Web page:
For the many existing installations currently operating or nearing the end of operations, decommissioning is an inevitable phase and needs to be considered as an integral part of the petroleum operations. A lot of the existing infrastructure in the UKCS has been in place since the early 1960s. So far, over 400 fields have been developed, or are in the process of being developed, in the North Sea with a total of around 832 production facilities (fixed and floating platforms or subsea completions) in development and production operations. The types of installations in operation include semi-submersibles, jack-ups, concrete platforms, steel structures and subsea structures. The UK has more steel structures on its continental shelf than other countries in the North Sea, whilst Norway has the greater number of concrete gravity structures.

According to the DTI, the decommissioning operations will start in earnest in 2009 and a high level of activity will continue until after 2020. It is estimated that about 18 structures will be decommissioned in 2010, 32 in 2015, and 27 in 2020, and 31 in 2030.

The current decommissioning programmes in the UKCS include:

Talisman's Beatrice fixed steel platforms, which will be re-used for wind power generation.

Amoco/ BP's North West Hutton which involves a large steel platform and pipelines in respect of which the footings will remain in place, steel topsides and jacket to top of footings will be removed to shore and the pipeline to be left in situ.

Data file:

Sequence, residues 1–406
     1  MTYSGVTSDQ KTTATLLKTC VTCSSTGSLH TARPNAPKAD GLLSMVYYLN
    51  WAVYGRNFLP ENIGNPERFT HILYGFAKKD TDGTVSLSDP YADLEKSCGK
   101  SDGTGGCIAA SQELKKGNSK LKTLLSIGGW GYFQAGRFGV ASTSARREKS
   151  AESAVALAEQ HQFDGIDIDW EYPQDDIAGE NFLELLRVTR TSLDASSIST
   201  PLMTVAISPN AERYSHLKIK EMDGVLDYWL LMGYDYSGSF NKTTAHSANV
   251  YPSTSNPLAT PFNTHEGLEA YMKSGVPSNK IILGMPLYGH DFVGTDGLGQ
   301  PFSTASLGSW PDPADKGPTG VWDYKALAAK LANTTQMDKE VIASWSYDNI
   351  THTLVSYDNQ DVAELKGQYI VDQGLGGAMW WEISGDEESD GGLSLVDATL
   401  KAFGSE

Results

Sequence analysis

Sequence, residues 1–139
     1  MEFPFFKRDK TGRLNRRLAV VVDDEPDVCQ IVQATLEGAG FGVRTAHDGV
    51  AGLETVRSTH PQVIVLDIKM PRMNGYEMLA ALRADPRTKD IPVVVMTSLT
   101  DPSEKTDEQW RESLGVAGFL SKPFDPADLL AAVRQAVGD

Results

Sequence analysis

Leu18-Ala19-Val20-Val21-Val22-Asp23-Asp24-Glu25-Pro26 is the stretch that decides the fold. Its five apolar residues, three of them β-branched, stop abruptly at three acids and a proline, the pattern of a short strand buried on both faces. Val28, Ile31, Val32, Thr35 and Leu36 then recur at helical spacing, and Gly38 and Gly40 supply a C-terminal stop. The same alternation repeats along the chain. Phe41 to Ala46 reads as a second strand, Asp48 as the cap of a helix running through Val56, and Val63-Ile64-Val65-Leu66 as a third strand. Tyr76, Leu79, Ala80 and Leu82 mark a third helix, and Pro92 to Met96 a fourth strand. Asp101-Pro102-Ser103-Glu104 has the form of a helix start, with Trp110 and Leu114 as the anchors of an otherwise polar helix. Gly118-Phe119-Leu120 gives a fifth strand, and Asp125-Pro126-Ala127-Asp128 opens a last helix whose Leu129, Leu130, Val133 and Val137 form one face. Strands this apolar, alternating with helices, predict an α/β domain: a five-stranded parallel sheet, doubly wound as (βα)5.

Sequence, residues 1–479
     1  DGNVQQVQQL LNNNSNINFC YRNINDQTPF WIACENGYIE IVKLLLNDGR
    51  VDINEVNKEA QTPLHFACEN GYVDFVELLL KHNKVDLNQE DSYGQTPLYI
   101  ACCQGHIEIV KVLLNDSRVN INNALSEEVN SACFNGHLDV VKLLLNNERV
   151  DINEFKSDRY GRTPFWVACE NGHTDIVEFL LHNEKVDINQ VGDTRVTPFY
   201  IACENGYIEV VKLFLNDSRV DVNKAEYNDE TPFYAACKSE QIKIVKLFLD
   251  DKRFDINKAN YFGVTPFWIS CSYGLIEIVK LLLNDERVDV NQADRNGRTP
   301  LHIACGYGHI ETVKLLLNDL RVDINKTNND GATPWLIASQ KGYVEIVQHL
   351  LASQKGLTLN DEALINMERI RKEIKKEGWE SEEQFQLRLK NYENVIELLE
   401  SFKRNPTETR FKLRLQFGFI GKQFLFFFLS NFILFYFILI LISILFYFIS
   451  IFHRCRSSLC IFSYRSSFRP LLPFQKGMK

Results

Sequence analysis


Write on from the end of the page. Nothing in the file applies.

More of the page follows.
#  Total's MCP 01 concrete platform in respect of which the topsides will be removed to shore for re-use, recycling or disposal and the concrete substructure will remain in place.

Shell's Indefatigible field consisting of platforms groups Juliet, Kilo, Lima, Mike and November in respect of which the topsides and jackets for the installations will be removed to shore for re-use, recycling or disposal and five pipelines will be decommissioned in-situ and two hose bundles will be removed to shore for re-use, recycling or disposal.

The question that begs is to what extent can UK based companies participate in this massive and evolving decommissioning industry.

The main concerns for companies considering decommissioning are the increasing awareness of the marine environment (e.g. which were brought to the fore by the Brent Spar incident) and cost implications. Estimates for the decommissioning of the Ekofisk are around £700 million and Brent about £3 billion. It is now widely acknowledged that over £1 billion will be spent every year in the North Sea over the next decade when the decommissioning activities are going to start in earnest. Clearly a number of opportunities are available to the many players in the industry.

The decommissioning supply chain can be divided into the following activities: subsea studies and site surveys; project management; facility decommissioning; well decommissioning & abandonment; disposal; post survey and residual liability.